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PALM BEACH, Fla. — The next mission on the NHL’s quest for the holy grail of advanced hockey statistics, the capture of on-ice player tracking, is planned for next month’s All-Star Game in Tampa Bay.

The NHL is scheduled to conduct its latest experiment there, this time using optical technology – which does not require infrared tracking chips embedded in player’s jerseys.

NHL commissioner Gary Bettman said the goal is to begin to work out the kinks in time to roll out a tracking system for the 2019 Stanley Cup playoffs.

“We’re actually working with some technology companies to get it into a position where we’re comfortable that it will work accurately and that it’s scalable for all games in all buildings,” Bettman said. “We think the ’19-20 season.”

The NHL last tested a player tracking system using infrared during the 2016 World Cup of Hockey in Toronto. The data delivered was believed to be extremely accurate – but the league backed off from pursuing that technology.

One issue was scalability and cost.

“It’s expensive,” deputy commissioner Bill Daly said. “Very expensive.”

“We learned that we can get the technology to work but we needed it to work better so that it could be scalable,” Bettman said. “Doing it for 16 or 17 games in a two-week period in one building is a lot different than 1,271 games in 31 buildings.”

Another issue was that the puck embedded with infrared sensors for the World Cup of Hockey was two separate pieces. Even though maker SMT proved that their two-piece puck could maintain its integrity after being blasted 140 mph – harder than anyone in the NHL can actually shoot – directly off the post 50 consecutive times, the league could not wrap its head around the construction.

Could you imagine if a puck somehow broke into two pieces and only one half entered the net in a Stanley Cup playoff game? The blowback would be incredible.

So, the NHL is expected to test a puck in Tampa Bay which Daly described as “closer to one piece.” The payoff for fans would be no more inconclusive goal reviews because the puck is hidden under a goaltender’s equipment. Sensors would indicate whether the puck is completely over the goal line.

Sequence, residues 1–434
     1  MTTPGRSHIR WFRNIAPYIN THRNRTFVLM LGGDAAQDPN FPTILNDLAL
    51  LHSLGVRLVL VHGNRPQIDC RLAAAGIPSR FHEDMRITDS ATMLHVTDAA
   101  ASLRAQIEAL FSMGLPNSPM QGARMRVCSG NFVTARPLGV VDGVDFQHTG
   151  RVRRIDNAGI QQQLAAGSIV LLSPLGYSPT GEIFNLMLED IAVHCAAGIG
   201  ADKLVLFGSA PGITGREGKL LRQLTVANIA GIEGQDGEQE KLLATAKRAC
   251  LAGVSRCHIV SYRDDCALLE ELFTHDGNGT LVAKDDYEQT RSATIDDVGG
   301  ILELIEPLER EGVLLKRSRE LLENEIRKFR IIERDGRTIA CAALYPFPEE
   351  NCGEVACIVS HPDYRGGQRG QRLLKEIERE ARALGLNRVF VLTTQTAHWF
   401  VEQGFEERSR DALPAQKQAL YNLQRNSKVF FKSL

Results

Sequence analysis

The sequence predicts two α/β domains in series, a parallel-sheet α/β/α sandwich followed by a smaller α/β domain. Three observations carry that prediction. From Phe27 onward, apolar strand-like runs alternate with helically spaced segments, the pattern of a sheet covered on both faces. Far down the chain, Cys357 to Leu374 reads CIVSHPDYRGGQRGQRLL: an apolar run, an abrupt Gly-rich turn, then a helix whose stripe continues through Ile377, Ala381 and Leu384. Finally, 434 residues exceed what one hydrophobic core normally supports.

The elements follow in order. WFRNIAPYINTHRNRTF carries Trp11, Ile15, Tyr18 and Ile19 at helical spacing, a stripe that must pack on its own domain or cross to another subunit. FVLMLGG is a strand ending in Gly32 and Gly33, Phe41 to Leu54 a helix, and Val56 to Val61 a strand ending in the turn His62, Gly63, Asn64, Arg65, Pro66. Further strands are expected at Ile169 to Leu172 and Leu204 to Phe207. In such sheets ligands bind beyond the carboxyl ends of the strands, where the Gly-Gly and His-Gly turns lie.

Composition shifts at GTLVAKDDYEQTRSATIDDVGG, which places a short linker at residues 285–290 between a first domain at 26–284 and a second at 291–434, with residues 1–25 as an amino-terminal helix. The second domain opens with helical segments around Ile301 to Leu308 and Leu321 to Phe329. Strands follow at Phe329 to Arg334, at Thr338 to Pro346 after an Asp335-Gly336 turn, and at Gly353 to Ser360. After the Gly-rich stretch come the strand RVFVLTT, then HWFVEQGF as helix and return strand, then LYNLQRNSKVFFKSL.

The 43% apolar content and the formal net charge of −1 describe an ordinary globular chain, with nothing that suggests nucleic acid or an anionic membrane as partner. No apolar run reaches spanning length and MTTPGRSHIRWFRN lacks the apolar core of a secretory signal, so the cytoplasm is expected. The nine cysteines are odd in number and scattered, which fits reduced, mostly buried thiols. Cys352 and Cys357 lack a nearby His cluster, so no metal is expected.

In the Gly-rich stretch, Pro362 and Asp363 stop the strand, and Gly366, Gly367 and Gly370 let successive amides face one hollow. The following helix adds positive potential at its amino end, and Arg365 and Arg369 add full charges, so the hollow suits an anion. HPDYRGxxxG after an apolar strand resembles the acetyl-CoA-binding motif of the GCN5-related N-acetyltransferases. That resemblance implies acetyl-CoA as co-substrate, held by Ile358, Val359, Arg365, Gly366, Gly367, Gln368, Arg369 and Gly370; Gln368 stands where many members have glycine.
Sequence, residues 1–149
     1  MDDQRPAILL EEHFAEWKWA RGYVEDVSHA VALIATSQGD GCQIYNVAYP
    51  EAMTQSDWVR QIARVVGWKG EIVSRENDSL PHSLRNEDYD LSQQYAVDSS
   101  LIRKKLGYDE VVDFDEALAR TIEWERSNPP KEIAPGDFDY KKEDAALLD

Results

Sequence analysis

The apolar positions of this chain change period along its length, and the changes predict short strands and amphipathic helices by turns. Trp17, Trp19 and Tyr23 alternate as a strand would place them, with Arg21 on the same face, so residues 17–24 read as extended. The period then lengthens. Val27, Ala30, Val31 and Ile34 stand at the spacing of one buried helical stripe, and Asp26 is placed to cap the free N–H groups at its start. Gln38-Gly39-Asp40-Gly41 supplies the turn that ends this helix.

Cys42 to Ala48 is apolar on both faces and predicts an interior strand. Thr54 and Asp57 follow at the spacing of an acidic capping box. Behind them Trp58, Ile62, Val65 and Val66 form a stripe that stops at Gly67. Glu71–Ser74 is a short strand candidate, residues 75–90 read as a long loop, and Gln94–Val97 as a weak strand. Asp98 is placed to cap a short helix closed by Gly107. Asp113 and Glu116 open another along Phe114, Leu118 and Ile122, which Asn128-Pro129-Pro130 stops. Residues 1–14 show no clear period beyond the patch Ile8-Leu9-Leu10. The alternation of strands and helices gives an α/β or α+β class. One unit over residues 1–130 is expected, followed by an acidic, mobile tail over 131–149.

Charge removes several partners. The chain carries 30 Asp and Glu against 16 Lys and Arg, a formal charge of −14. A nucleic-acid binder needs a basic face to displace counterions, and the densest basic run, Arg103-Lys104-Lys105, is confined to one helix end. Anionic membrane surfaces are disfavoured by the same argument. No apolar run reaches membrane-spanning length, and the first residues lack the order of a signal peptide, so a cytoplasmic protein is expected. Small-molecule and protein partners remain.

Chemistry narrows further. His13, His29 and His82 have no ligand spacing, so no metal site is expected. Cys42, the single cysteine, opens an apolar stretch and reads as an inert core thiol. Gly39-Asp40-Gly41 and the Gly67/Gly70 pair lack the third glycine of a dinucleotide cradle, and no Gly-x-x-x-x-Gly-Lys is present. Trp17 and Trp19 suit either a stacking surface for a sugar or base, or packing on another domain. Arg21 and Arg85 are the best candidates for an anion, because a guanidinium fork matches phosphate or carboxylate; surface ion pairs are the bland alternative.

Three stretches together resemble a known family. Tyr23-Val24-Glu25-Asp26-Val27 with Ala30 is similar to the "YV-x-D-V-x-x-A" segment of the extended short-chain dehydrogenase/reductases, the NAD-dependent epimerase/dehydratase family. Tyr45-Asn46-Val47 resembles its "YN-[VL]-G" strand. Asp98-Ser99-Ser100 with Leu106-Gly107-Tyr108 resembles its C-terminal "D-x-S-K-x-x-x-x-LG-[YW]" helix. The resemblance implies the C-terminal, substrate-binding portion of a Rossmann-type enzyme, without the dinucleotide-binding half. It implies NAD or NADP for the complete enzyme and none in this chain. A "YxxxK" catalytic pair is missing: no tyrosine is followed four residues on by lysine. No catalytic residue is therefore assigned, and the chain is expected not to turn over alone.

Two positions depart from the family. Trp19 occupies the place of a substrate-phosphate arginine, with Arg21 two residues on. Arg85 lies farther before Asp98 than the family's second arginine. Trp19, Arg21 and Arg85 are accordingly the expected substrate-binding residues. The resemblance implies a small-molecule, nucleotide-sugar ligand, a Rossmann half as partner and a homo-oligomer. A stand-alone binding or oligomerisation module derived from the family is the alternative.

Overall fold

Most importantly, this technology does not use infrared chips, but rather software which recognizes and culls data from cameras on the broadcast.

“We’re not going to need them to wear a chip or anything like that,” Bettman said. “We don’t need players to do anything different. We have other ways of doing it.”

That change in approach has led to speculation that the NHL is seeking to bypass the NHL Players’ Association and institute the technology unilaterally – that the data collection would not need to be bargained because players are not technically being asked to play or wear anything differently.

That is not the case, both Bettman and Daly said.

“We update them on what we’re doing,” Bettman said.

While NHL players may not be 100 per cent on board with all of the potential data that could be collected – perhaps out of fear that it may negatively be used against them – the NHLPA said Friday the belief that players are against player tracking is inaccurate.

After all, the NHLPA did allocate significant dollars to the World Cup of Hockey tracking initiative, since the tournament was a joint venture with the league.

The amount of data potentially available – and what it reveals about the game – is nearly limitless. Exactly how fast was
skating on that rush? How often is a certain goaltender allowing goals over his glove hand from within five feet? How hard was ’ point shot and how high off the ice was that puck

tipped? With a seat at the bargaining table, the NHLPA can steer the data collection to a compromise in which the players are comfortable.​

Right now, there is skepticism about the accuracy of the data provided by the optical technology, which is why it may take until 2019 to get it up and running.

Bettman hinted the NHL is investing to “invent” other “technology that doesn’t currently exist.”

The NFL and NBA successfully implemented optical player tracking technology years ago, but the fast and unpredictable movement of players is what has held hockey back. That random nature of the sport is also why that advanced player tracking data, which has so far been tracked by hand and analyzed by analytics firms in a proprietary manner, remains the Holy Grail.

“We’re committed to doing it and we’re investing a fair amount to do it,” Bettman said. “It is a work in progress but we’re very confident that we’re going to get this to work. The amount of data that it will provide in addition to creating opportunities for broadcasters to use it in real time is pretty exciting.”

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